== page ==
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5.2.2 The Delta Table

The checksum is followed by the delta table. Each entry describes one version stored in the history file, and is composed of three lines plus some comment lines. The first line introduces a new delta table entry and has the form

     ^As 00001/00000/00010

The three numbers represent the numbers of lines inserted, deleted and unchanged in this version (with respect to its predecessor). For the oldest version in the history file, the numbers of lines deleted and unchanged should be zero and the number of lines inserted is the number of lines in the initial version of the working file. These numbers are always five digits long. If the true count of inserted, deleted or unchanged lines is greater than 99999, then the fields will still only contain 99999.

The second line has the form

     ^AD 1.5 68/12/31 23:59:59 james 5 4

Here, the ‘D’ indicates that this is a normal delta. The only other type of delta is the removed delta. Removed deltas are created with the rmdel program and are labelled with an ‘R’ instead of a ‘D’. This is followed by the sid, which will have either two or four fields separated by a decimal point (ASCII code 46 decimal). A sid with only two fields (release and level) is said to be on the trunk of the revision tree. A sid with the full four fields (the last two are the branch number and the sequence number) is said to be a “branch revision”. Each field in the sid, if present, must contain a positive integer no larger than 9999. This means that ‘1.0’ would not be a valid version number, for example.

The third and fourth fields on this line are the date and time at which this delta was added to the history file (rather than, for example, the modification time of the working file which was checked in). The year is represented with only two digits, and is deemed to be in the range 1969 to 2068 (see Year 2000 Issues). Despite having only two year digits, the date is in ISO order (year/month/day). The time is indicated using 24-hour clock notation. The date in the above example is the latest date it is possible to represent in an sccs file.

The fifth field is the name of the user who checked this version in. For the gratification of pedants, it should be noted that this is the name associated with the actual user-id rather than the effective user-id, or the name appearing in the system log as the user who logged in on the controlling terminal.

The final two fields are called delta sequence numbers, or seqnos. They are for the internal use of the implementation and should not be confused with “sequence numbers”, which are the final fields of four-field (“branch”) sids. The seqno of the delta added last will be larger than that of any other delta. Each delta has a unique seqno. The first of these two fields is the seqno of this delta itself, and the second field is the seqno of its predecessor (that is, the version which had been checked out with get -e). The seqno 0 is special and appears only as the (nonexistent) predecessor of the first delta.

Since the delta table entries appear in reverse order of addition (i.e. new entries are always added at the top), the initial delta appears at the foot of the delta table. Many of the sccs utilities define their cutoffs in such a way that they can stop traversing the delta table when they find a delta which is too old.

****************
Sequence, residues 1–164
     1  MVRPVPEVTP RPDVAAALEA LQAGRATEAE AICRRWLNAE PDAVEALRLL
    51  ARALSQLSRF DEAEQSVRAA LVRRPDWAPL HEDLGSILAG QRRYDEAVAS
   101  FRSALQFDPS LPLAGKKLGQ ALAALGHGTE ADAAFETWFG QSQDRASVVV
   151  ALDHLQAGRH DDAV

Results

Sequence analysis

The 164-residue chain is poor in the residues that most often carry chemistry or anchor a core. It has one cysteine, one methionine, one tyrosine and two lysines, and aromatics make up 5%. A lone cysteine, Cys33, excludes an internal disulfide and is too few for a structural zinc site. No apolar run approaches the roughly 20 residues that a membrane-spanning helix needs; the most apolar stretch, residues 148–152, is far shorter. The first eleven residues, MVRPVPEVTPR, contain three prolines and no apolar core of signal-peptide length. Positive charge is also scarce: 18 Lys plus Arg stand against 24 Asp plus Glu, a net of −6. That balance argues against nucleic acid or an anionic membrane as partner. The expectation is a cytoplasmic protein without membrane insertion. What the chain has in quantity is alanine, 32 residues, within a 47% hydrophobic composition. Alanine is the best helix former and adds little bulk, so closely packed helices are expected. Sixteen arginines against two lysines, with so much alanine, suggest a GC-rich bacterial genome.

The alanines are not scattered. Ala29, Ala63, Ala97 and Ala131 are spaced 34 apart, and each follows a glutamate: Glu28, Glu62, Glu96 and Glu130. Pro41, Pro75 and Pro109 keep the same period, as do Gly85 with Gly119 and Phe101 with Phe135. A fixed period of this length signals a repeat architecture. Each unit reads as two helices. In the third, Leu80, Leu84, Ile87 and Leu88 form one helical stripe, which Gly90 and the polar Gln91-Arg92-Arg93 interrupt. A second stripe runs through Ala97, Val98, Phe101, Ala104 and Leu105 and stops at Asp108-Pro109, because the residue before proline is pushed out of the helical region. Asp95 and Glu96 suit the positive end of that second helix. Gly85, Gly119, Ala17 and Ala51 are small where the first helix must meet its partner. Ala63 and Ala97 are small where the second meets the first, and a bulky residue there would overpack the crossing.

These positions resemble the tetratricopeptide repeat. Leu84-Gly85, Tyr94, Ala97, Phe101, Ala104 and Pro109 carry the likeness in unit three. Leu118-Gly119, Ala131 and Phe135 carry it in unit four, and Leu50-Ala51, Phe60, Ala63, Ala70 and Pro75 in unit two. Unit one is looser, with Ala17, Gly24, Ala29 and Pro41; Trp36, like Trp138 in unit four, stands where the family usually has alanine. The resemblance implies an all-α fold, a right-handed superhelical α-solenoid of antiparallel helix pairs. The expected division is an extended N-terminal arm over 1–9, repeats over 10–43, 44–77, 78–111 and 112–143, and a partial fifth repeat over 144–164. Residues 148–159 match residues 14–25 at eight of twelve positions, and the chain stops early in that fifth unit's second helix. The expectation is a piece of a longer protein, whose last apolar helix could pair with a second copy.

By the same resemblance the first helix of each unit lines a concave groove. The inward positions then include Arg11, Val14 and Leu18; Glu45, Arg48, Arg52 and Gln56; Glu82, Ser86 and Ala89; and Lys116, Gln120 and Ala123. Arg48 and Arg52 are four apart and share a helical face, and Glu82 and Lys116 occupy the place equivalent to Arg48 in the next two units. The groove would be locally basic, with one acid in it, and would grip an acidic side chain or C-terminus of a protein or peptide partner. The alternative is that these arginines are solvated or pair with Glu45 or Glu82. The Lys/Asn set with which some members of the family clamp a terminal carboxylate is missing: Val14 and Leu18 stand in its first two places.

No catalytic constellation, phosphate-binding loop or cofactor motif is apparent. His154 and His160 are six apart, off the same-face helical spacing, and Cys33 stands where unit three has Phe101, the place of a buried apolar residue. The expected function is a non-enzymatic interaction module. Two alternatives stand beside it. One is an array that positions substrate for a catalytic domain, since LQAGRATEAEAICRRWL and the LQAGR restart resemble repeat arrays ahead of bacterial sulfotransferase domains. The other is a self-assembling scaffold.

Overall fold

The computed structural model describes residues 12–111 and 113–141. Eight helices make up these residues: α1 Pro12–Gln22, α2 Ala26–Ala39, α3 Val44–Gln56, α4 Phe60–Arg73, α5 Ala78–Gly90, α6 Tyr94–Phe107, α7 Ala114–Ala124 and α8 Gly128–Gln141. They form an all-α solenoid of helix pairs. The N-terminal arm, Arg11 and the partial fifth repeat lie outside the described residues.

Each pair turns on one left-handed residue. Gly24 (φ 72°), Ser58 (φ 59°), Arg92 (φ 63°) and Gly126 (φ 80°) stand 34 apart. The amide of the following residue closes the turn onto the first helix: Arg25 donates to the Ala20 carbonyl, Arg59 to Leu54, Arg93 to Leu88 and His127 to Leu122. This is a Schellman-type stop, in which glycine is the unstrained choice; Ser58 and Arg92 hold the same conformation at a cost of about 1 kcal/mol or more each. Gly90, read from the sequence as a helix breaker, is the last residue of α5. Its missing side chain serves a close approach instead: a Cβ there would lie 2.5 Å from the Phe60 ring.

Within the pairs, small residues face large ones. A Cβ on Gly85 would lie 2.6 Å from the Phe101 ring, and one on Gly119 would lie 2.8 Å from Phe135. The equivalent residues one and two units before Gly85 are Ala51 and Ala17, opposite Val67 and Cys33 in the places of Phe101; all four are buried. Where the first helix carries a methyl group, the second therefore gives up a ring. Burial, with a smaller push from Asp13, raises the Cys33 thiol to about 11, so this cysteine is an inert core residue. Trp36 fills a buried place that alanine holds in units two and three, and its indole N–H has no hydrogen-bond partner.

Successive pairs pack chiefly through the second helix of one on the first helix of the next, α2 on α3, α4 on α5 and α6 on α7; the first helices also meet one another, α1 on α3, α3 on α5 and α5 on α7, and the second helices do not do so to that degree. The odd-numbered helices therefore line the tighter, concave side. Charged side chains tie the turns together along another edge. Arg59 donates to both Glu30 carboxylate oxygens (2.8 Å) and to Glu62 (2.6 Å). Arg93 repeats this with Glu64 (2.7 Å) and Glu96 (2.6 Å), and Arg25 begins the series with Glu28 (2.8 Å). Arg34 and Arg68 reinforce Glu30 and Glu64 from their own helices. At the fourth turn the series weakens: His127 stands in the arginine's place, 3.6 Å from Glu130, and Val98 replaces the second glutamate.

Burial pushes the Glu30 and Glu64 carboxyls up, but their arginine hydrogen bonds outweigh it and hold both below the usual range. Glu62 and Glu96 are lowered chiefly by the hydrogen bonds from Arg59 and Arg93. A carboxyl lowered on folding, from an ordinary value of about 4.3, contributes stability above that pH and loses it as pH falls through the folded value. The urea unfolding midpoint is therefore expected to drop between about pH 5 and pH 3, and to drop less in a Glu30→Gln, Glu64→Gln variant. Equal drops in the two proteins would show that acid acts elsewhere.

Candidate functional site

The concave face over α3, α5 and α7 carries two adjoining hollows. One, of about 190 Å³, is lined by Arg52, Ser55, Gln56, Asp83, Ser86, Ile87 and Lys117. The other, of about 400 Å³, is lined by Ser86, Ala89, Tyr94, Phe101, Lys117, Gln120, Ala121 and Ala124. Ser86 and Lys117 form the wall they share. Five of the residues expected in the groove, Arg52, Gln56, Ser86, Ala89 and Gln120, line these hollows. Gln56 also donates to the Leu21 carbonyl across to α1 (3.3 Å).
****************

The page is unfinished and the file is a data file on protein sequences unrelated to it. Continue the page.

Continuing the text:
After the ‘^Ad’ line there may be several lines which indicate lists of included, excluded or ignored sequence numbers for this delta. I don't understand this area of the functionality of sccs very well, so any description here may be vague or incorrect. The CSSC implementation may also be incomplete in this area.

The list of included seqnos is introduced with ‘^Ai’, the excluded seqnos with ‘^Ax’, and ignored seqnos with ‘^Ag’. These are followed by a space character, and then the list itself, which is a space-separated list of integers.

If the mr-validation flag (see Flags) was turned on at the time of the creation of this delta, one or more lines of the form

     ^Am mr1
     ^Am mr2
     ^Am mr3
     ^Am mr4

may occur. These lines constitute a list of Modification Request Numbers, one on each line.

The next part of the delta table entry is the delta commentary. This comment is intended to contain a description of the changes made in this delta, and is written and read by humans. This may extend over one or many lines, each introduced with ‘^Ac’, like this:-

     ^Ac The end of the world
     ^Ac as we know it

If there is no comment for a particular delta, because it was suppressed with the -y option to delta or cdc, or because the user was presented with a prompt for comments but just typed the return key, an empty ‘^Ac’ control line will appear at this point.

CSSC is currently slightly incorrect in this area. If the comment is suppressed with the -y option, it emits no ‘^Ac’ lines at all.

The BitKeeper suite uses comment lines of the form ‘^AcX’ (where ‘X’ is a non-blank character) to store data which is specific to BitKeeper. This data is ignored by cssc, which provides read-only support for BitKeeper files. These special lines are distinguished from normal comment lines by the fact that there is no space after the ‘c’:-


Some sccs files contain an MR list which follows rather than precedes the comments for a delta, but this is unusual.

The comment block, and in fact the whole delta table entry, is terminated by a control line of the form


To illustrate this further, here are two more delta table entries from an sccs file:-

     ^As 00001/00000/00007
     ^Ad D 1.2 99/12/31 23:59:59 mcvoy 2 1
     ^Ac Added an extra line
     ^As 00007/00000/00000
     ^Ad D 1.1 69/01/01 00:00:00 dmr 1 0
     ^Ac created at the dawn of time